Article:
From a crusty salt flat push car to a polished show car, Ken Evans’ Studebaker has come a long way.
In an interesting bit of historical significance, this 1953 Commander coupe was originally owned by Paul Studebaker, a descendent of the Studebaker family. Ken says that he first saw the car in 1979 when he and his buddy Ron Hall went to Lombardi, Illinois, and Ron traded his BMW motorcycle for it.
An avid salt flat racer, Ron then used the car throughout the late 1980s and early ’90s as a push car for his record-setting 200mph Avanti. Sadly, Ron passed away in 1995, and Ken eventually purchased the coupe from his wife in 2004. Though the car looked good, Ken says it was “a piece of junk” underneath. By 1995 the old ’53 was simply used up. He decided to tear the car apart at his home shop in 2005 and build it right.
A total of three engines were on the docket for the engine bay as the car was being built. Ken owns a CNC machining company and strove to keep the Studebaker in factory power with a 289. Things got a little out of hand as he added twin Paxton superchargers and began making one-off internals like rods and main caps, and he finally realized that, while pretty impressive, it was becoming a little too exotic for his plans of a nice street car.
The second engine was a 502 RamJet that had plenty of power, but he just couldn’t bring himself to cut a hole in the hood to make it fit. Like Goldilocks and the Three Bears, the last one, a 550hp 6.2-liter LS3 from Mast Motorsports was juuust right. It kept the sleek lines of the Stude intact and had enough horsepower to make Ken happy. It’s decked out in a FAST LSxR intake with a 102mm throttle body, Hooker headers, and cool Billet Specialties valve covers. He paired it with a T-56 Magnum transmission.
A massaged Art Morrison chassis gets the power to the ground and goes up and down with Ride Tech Shockwaves. A triangulated four-bar holds the Strange 9-inch rear in place and Wilwood brakes are hung on the corners. The front suspension uses rack-and-pinion steering, with additional under-car features including a Rock Valley stainless gas tank and a 2½-inch stainless exhaust system proudly made by Ken himself.
Ken said he had “one shot” when it came time to choose the wheels and he nailed it with a set of BIllet Specialties’ finest in 18- and 19-inch diameters with powder-coated centers. “You can Google any wheel on a more common car like a Camaro or Chevelle,” he says. “But trying to find wheel options on a ’53 Studebaker isn’t so easy.” The Billet Specialties facility is only 20 miles up the road from Ken, so he stopped by and picked out a set he liked and wrapped them in BFG G-Force tires.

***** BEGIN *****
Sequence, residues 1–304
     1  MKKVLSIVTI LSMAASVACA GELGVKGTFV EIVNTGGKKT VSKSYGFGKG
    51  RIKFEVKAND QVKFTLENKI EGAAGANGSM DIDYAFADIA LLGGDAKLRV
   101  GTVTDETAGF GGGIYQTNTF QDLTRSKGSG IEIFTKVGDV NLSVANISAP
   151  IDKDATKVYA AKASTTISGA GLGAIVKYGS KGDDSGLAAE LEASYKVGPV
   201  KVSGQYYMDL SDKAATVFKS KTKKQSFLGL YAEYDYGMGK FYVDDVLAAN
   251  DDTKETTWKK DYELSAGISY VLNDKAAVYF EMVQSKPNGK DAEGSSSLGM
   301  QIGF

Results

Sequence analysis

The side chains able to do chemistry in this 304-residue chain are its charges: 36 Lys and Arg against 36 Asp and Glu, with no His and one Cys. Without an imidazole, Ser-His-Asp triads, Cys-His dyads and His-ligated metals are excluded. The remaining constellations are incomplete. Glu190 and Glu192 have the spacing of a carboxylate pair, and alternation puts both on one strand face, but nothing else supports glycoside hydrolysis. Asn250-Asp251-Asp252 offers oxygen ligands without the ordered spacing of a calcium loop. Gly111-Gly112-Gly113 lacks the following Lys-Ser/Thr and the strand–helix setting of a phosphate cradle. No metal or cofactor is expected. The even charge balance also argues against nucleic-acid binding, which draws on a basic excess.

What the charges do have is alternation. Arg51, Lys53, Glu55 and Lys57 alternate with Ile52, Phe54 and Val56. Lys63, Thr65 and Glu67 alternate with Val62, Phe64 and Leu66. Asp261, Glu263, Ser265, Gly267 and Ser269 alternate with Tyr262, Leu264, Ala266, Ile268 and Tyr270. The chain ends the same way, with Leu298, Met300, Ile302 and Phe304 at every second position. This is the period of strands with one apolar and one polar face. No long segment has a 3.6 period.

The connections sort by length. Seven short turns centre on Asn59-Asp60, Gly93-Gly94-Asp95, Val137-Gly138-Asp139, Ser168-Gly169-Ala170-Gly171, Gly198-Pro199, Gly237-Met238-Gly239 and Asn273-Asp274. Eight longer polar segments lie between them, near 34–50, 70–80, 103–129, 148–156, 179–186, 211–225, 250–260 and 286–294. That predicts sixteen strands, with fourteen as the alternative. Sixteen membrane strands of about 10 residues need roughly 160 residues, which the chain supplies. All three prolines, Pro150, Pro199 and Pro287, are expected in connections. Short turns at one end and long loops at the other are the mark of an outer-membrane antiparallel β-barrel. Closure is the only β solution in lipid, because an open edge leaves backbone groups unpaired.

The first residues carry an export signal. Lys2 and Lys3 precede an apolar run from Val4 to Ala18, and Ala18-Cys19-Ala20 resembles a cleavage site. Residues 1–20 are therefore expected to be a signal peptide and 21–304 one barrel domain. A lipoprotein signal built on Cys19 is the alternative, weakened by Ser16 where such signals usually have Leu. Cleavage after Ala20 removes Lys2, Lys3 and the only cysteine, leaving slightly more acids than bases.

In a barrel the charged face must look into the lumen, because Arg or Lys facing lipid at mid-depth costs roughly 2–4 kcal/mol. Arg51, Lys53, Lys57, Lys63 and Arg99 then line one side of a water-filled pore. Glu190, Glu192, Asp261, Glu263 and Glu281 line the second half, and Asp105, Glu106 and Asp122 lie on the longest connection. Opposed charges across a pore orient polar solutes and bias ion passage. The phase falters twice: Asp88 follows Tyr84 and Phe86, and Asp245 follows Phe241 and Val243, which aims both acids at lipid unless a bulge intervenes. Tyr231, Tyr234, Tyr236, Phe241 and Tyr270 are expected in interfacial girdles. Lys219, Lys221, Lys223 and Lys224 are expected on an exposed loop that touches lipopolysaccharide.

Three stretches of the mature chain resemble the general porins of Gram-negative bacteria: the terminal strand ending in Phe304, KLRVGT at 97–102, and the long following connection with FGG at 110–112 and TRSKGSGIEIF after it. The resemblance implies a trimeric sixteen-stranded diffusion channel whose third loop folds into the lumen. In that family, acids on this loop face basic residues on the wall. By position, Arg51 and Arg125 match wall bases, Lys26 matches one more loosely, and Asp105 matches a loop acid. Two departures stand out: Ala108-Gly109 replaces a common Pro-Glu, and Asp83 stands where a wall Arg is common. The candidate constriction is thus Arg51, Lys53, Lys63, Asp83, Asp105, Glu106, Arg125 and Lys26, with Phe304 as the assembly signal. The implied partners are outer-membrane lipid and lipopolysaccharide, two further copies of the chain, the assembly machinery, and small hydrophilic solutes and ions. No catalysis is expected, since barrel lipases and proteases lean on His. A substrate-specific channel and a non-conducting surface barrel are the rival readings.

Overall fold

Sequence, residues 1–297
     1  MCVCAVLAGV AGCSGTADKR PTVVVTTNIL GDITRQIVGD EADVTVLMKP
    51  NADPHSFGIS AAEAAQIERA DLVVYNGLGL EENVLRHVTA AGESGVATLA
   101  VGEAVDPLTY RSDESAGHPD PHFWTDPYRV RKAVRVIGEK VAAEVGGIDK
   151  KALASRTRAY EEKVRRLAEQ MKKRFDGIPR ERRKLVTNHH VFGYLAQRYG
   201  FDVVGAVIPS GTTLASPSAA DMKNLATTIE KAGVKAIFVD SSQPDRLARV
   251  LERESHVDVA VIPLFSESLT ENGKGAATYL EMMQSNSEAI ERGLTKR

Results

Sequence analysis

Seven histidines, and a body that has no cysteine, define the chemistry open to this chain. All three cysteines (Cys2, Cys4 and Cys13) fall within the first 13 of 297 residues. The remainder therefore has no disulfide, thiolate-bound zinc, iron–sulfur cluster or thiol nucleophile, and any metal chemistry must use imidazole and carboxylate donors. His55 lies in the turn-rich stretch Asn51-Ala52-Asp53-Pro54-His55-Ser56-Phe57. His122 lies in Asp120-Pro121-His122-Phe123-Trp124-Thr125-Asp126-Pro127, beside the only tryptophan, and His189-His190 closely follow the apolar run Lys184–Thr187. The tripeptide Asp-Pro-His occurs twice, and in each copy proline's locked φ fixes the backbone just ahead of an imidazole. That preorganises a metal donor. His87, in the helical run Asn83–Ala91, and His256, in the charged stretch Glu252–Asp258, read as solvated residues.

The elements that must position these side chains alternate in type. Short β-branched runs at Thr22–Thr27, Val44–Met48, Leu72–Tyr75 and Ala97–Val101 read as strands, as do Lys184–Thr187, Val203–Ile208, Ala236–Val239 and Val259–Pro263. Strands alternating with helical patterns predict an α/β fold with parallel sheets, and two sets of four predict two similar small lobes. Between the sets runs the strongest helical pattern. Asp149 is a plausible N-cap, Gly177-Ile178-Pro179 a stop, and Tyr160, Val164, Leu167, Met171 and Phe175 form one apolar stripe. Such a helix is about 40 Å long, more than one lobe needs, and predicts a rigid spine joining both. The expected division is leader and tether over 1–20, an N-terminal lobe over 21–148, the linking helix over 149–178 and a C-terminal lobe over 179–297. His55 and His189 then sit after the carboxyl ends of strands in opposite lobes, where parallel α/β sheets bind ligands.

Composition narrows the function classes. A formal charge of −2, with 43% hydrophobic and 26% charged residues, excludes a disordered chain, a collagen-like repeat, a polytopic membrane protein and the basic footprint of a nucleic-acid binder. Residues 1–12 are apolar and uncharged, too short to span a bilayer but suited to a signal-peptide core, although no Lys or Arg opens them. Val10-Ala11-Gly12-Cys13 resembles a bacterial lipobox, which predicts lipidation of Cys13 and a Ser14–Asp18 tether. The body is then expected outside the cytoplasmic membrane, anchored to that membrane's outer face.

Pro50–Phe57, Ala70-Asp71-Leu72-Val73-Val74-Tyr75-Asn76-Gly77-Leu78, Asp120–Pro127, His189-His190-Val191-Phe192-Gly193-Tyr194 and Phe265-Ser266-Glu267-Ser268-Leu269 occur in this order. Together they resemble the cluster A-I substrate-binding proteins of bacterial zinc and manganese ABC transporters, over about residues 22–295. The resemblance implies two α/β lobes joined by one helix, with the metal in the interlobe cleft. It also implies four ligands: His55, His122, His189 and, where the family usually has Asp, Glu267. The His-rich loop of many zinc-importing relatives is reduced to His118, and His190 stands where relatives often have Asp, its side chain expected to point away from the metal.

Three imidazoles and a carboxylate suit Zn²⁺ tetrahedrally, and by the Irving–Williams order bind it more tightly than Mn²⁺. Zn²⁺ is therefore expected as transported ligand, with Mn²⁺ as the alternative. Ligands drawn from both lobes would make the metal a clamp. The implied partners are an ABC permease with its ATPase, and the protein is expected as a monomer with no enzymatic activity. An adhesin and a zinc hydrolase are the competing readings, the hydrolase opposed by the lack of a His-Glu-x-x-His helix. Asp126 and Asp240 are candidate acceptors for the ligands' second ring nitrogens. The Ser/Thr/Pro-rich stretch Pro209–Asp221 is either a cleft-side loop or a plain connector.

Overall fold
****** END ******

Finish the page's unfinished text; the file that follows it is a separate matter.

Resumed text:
Somewhere during the course of the car’s nine-year construction phase Ken decided to chop the top. Again, information of modifying these cars is scarce, let alone a complex process like how to chop the top. Fortunately, he had a second car that he could “practice on.” The rusty donor car allowed him to get a game plan for the good car, and with everything figured out, he lowered the lid 3-inches in the front and laid the windshield back 5-inches.
While the welder was out, Ken added metal to the window openings and flush-fit the glass, gluing it into place like a modern car. He then welded the rear fenders to the body and removed the top stainless spears. All of the drip rails, emblems, and door handles were eliminated and Ken made a second firewall and cleaned up the engine bay under the hood and tucked the bumpers closer to the body.
Ken’s wife Brenda put the brakes on his initial plans to paint the car black, and together they picked out the two complementary shades found on the car now. The Mango Tango comes from the Dodge truck palette and the Sandmist from GMC. The result is a striking color scheme that is far easier to take care of than a black vehicle. The defining red and black “color break” stripe won out over a bright green version thanks to a Facebook poll. What better sounding board than social media for honest opinions?
Brian Colwell of JC Customs in Big Rock, Illinois, expertly painted the car in PPG paint after Ken roughed in the bodywork. Since he and Brian are friends, Brian let him help out during the painting process to keep costs down. Being hands-on is always a plus when it comes to sanding and prepping a car, and the help is rarely turned down.
Moving inside, Ken fabricated the center console and added a dashboard from a ’64 Studebaker GT Hawk. It was filled with Auto Meter gauges and a dressed in a custom engine-turned panel. Schober’s Hot Rod Interiors was called in to stitch up the leatherwork. The front seats were plucked from a Dodge Neon while the rear was custom made. Ken keeps cool with a Vintage Air system, while a Billet Specialties steering wheel on a stainless Flaming River tilt column and a one-off shifter from Ken round things out in the cabin.
The car was finished in 2015 and has been driven to many local shows. It also earned a Street Rodder Top 100 pick during its debut year. Other accolades include a Top 20 at the 2018 World of Wheels in Chicago, an ISCA Outstanding Street Machine, plus the PPG Dream Car Pick at this year’s Goodguys Nashville Nationals. After serving many years behind the scenes as a push car on the salt, this Commander coupe is finally out front and in the limelight.
Photos by John Jackson